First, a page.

Op-ed column: Consolidating police deserves county’s serious consideration

Since 2004, city and county leaders have worked steadily and cooperatively to move Schenectady forwa

Since 2004, city and county leaders have worked steadily and cooperatively to move Schenectady forward through an unprecedented era of economic progress and cooperation.

However, County Chairwoman Susan Savage and County Attorney Chris Gardner, both personal friends of mine and both with whom I have worked so well to achieve much for our community, have seemingly decided on behalf of the county’s 151,427 residents to summarily dismiss the idea of exploring the benefits of police consolidation in Schenectady County, calling it unnecessary, unachievable and doomed to failure.

I respectfully disagree with Susan and Chris on this issue. Instead, I propose that county residents be allowed to learn the facts and decide for themselves by embracing state Attorney General Andrew Cuomo’s offer to help Schenectady see if an inter-municipal consolidation of police could bring improved service and public safety at less cost for county taxpayers through a comprehensive and fast-tracked feasibility study.

Although the well-publicized and documented professional failures of a growing number city police officers, both recently and over the years, provide their own impetus for city leaders to seriously consider the dissolution of the department in favor of consolidation, the practical and economic reasons for consolidation must also be part of the equation.

Comprehensive plan

Attorney General Cuomo has strongly advocated consolidation of local government services in New York state as a means to cut government waste and to reduce cost. He has advanced a comprehensive plan designed to streamline the often convoluted and cumbersome process of consolidating local government entities, including the myriad special taxing districts across the state. The attorney general’s proposal does not mandate consolidation, rather it restructures state law to empower citizens and local governments to make decisions themselves according to what works best for their communities.

With more than 10,500 individual governments across the state, including layers of antiquated government entities and special taxing districts, New Yorkers are saddled with the nation’s highest taxes. In Schenectady County, the state’s second smallest county by square mileage, there are more than 130 individual government taxing entities at work.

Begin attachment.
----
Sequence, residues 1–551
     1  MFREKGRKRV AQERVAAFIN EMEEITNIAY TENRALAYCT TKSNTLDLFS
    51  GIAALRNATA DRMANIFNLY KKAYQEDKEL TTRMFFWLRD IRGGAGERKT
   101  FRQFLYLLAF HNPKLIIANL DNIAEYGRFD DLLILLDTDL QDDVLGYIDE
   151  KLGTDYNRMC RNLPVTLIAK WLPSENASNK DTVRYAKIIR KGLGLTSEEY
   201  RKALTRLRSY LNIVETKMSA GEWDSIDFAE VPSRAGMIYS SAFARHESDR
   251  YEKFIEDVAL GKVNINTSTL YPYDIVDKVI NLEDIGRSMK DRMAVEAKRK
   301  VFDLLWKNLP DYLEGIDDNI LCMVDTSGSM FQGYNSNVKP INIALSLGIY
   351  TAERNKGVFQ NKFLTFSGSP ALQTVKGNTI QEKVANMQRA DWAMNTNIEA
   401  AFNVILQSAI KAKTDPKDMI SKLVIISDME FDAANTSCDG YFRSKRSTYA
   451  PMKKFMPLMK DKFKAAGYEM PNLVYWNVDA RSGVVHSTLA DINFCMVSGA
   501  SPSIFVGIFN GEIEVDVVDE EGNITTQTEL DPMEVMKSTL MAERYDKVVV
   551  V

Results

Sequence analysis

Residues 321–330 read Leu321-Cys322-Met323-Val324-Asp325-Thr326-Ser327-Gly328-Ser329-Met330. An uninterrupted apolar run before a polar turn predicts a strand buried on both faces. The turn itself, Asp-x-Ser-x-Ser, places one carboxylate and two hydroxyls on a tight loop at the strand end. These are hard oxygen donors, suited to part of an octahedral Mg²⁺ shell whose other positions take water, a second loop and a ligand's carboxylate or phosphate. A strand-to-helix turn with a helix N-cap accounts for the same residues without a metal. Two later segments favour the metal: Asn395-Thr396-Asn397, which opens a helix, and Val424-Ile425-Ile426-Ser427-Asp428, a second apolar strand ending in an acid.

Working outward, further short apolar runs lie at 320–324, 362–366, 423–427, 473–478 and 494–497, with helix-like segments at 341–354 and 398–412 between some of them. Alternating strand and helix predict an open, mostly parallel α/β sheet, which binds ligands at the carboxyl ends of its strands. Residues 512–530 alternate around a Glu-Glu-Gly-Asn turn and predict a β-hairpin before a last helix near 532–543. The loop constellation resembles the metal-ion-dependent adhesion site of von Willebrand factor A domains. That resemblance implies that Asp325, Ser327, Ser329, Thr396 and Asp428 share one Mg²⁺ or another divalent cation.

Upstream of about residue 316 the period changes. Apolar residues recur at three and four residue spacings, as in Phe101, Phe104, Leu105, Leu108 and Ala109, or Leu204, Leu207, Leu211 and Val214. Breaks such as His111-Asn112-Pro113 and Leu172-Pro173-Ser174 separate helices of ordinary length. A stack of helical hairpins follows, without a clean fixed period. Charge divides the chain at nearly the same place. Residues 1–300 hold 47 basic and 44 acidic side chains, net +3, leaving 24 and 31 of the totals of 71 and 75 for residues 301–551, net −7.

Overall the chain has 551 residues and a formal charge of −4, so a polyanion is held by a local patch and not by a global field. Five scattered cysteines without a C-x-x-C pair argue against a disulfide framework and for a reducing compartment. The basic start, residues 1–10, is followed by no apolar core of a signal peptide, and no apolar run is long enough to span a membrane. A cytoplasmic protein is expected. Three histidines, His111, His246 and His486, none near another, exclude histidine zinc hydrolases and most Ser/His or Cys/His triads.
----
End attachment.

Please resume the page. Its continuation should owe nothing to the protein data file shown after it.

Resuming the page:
I have never met anyone who told me they are against lower taxes or improved services. Therefore, I am fairly certain that our county residents would at least be receptive to finding out if savings could occur without sacrificing quality of service. We owe it to them to explore and consider all options.

As mayor, I have a responsibility to determine what policing options are available beyond the troubling status quo. At the same time, all county taxpayers could benefit by knowing if there may be a viable way to reduce the cost of government without sacrificing their local police services or quality.

By undertaking a targeted feasibility study, elected officials, law enforcement agencies, unions and county residents alike can be fully informed of the advantages and disadvantages of options available. And with that information in hand, a decision can be reasonably and responsibly made.

Schenectady has already proven that government consolidation works. Our community is at the forefront of effective cost- and service-sharing in New York through the combination of city and county vehicle maintenance at the county garage that is saving taxpayers up to $1 million per year. We have merged our city and county affirmative action offices, made joint improvements in city and town parks, and secured state grants for a shared salt shed that will supply county and city road crews. We are also working together to explore the cost and operational benefits of a centralized emergency dispatch system for police and fire agencies.